RCEP’s Impact on Building the World’s Largest Tourism Economic Community
RCEP’s Impact on Building the World’s Largest Tourism Economic Community

RCEP’s Impact on Building the World’s Largest Tourism Economic Community

In a recent report jointly released by the International Mountain Tourism Alliance and the Chinese Academy of Social Sciences (CASS), it is highlighted that the Regional Comprehensive Economic Partnership (RCEP) free trade agreement is set to reshape the global tourism landscape, ultimately paving the way for the creation of the world’s most extensive tourism economic community.

Comprising 15 member nations, the RCEP encompasses the ten Association of Southeast Asian Nations (ASEAN) member states, along with China, Japan, the Republic of Korea (ROK), Australia, and New Zealand. This landmark agreement, inked in November 2020 and activated on January 1, 2022, has a core objective of progressively eliminating tariffs on more than 90 percent of traded goods among its member nations.

According to Jin Zhun, the Secretary-General of the CASS Tourism Research Center, fostering open and robust international economic and trade relationships will lead to a more optimized regional market environment. It will also stimulate economic and cultural exchanges, establishing crucial connections between the supply and demand facets of tourism across diverse countries.

The report unveils that in 2019, the RCEP nations collectively welcomed a staggering 398 million international tourists while contributing 260 million outbound tourists. These numbers represent a substantial 29 percent and 24 percent of the global figures, respectively.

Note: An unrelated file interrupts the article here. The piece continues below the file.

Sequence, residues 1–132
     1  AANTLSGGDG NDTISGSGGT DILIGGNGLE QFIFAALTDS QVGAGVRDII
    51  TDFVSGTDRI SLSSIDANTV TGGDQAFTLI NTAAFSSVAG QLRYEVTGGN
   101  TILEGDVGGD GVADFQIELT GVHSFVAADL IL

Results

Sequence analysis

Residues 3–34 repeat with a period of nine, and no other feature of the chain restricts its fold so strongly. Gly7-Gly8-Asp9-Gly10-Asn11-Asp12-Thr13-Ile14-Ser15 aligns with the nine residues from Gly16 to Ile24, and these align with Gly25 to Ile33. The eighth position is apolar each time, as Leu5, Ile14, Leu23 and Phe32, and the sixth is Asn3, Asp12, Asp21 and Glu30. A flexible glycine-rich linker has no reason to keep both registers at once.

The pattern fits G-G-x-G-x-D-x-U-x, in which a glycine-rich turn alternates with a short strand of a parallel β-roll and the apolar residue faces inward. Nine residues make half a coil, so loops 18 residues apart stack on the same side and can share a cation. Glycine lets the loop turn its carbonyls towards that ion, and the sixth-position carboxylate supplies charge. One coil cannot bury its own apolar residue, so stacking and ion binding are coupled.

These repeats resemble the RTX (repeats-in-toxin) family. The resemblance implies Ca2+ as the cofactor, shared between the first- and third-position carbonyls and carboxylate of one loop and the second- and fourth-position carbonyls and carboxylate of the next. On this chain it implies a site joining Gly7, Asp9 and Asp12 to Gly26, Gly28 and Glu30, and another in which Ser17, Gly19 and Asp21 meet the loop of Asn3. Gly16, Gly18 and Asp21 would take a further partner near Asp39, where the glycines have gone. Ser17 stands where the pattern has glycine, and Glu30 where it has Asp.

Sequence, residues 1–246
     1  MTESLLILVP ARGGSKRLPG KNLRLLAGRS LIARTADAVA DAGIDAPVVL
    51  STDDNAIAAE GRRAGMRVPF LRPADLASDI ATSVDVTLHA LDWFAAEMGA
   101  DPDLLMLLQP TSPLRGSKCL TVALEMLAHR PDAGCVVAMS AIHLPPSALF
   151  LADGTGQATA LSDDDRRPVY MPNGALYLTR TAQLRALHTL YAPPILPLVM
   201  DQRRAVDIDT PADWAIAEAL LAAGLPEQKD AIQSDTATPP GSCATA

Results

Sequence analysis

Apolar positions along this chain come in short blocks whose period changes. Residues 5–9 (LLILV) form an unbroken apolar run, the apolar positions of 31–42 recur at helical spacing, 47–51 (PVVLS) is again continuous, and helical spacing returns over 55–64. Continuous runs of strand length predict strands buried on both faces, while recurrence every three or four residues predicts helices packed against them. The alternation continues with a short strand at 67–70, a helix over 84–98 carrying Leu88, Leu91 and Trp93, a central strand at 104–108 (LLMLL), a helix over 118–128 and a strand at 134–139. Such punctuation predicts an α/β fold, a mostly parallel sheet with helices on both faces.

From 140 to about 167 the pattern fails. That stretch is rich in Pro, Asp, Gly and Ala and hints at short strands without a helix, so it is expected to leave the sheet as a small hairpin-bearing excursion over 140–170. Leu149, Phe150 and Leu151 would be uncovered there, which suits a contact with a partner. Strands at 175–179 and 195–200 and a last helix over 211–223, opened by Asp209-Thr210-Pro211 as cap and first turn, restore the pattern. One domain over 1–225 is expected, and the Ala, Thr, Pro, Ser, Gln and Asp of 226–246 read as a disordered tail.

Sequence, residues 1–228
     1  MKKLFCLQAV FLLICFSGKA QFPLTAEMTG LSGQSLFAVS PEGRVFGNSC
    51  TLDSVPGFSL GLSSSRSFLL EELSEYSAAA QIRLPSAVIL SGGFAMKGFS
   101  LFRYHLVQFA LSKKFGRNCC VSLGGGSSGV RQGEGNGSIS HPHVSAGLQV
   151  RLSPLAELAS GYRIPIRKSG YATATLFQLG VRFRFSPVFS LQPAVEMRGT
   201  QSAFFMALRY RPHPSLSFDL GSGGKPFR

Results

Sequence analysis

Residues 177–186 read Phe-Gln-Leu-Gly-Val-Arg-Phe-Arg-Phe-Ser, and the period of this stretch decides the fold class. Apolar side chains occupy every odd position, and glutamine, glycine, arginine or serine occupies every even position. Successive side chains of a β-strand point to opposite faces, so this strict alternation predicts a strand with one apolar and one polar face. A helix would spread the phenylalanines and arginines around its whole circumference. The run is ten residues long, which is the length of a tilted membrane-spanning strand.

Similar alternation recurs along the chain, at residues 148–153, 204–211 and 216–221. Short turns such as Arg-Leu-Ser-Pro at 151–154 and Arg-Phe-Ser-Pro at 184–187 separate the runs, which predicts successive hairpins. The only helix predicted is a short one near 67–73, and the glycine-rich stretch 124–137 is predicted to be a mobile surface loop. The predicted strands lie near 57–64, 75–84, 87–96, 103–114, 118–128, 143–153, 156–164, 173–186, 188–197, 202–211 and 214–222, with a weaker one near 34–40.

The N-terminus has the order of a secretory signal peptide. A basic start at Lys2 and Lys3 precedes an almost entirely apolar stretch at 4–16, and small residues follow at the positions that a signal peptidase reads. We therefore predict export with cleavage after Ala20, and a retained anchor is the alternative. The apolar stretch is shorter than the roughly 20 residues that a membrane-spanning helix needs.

Furthermore, the report underscores that RCEP member countries are significant sources of tourists for each other. For instance, eight out of the top ten countries sending tourists to Myanmar and the ROK are RCEP nations.

It is noteworthy that mountainous regions constitute over half of the total land area in RCEP countries, constituting the core of their tourism offerings. Within these nations, there are a remarkable 46 mountainous areas designated as UNESCO World Heritage Sites, offering enormous potential for the development of mountain tourism.

Jin elaborated on the transformative potential of RCEP, stating that it will stimulate a more robust tourism economic cycle. He anticipates that member countries will evolve into crucial international tourist destinations, attracting over one-third of the world’s international tourist traffic and consumption.

In summary, the RCEP is poised to revolutionize the global tourism industry, fostering deeper economic ties and cultural exchanges among its member nations. This will undoubtedly position these countries as vital hubs in the international tourism landscape, solidifying their status as premier global destinations.


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